Between July 1st and September 7th, the Canadian neuroendocrine cancer community will be working together in an effort to raise $100,000 for neuroendocrine cancer research! Participants will rack up as many kilometres as they can by walking, hiking, kayaking, swimming, cycling, roller-blading, or any other forward moving activity that they can think of and tracking their individual distances. Together, we aim to record 5,514 kilometres, the distance from Newfoundland and Labrador to the Yukon! In the days of Covid-19, the beauty of this is that we can each participate in our own community while practicing appropriate social distancing.

My goal during this campaign is to walk and/or hike 100 kilometres and to raise a minimum of $1500. That’s where you come in! I’m hoping that I can persuade you to visit my fundraising page here and make a donation. No amount is too small! Every cent that is received by CNETS will be directed to neuroendocrine cancer research. We need to know what causes this disease and we need to find a cure!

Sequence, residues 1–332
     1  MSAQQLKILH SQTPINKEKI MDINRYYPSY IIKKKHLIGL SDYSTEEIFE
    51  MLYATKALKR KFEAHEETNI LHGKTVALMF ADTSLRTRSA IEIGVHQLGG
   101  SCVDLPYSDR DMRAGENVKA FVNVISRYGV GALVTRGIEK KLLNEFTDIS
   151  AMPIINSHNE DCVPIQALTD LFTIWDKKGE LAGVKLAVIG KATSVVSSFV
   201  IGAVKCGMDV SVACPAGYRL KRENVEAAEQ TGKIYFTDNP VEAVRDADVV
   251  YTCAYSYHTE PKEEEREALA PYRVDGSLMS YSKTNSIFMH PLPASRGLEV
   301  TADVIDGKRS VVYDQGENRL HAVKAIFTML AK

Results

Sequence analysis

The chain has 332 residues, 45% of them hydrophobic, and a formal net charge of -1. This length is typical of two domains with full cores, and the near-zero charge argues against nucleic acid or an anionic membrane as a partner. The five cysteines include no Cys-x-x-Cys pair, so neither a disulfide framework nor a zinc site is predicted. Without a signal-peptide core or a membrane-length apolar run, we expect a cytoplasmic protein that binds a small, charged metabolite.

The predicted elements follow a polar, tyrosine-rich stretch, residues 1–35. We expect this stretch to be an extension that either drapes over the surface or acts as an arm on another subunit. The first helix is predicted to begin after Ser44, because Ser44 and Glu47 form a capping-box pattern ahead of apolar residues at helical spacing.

If you’re in Sedgewick, you’ll probably see me walking around town or out on the walking path wearing my zebra stripes and from time to time I’ll post updates here on the blog.

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Please make a donation!

Emerging

6b418a7e1c894727282ae55335b6bb1aLike butterflies coming out of cocoons, we’re gradually emerging from the Covid-19 shutdown and figuring out what living in this new world is going to look like. I don’t know about anyone else, but I’m finding it a little bit unnerving. My cocoon was comfortable. I knew exactly what to do and what not to do. I wasn’t worried about contracting  the virus because we easily kept our distance from other people and almost never left our county where there hasn’t been a single confirmed case. Thankfully, I was able to fit the local golf course into my cocoon!

Even though Alberta entered the first phase  of a three stage relaunch strategy back on May 14, nothing really changed for us. Now, with the introduction of Stage 2 on Friday, a week ahead of schedule, bigger changes are happening. In addition to those businesses that were deemed essential and never closed, as well as those that reopened in Stage 1, theatres, libraries, places of worship, casinos, bingo halls, arcades, and recreational facilities including gyms and pools, as well as many other similar facilities, can now be open. Personal services, including skin and body treatments, facials, manicures, pedicures, waxing, and tanning are also allowed now.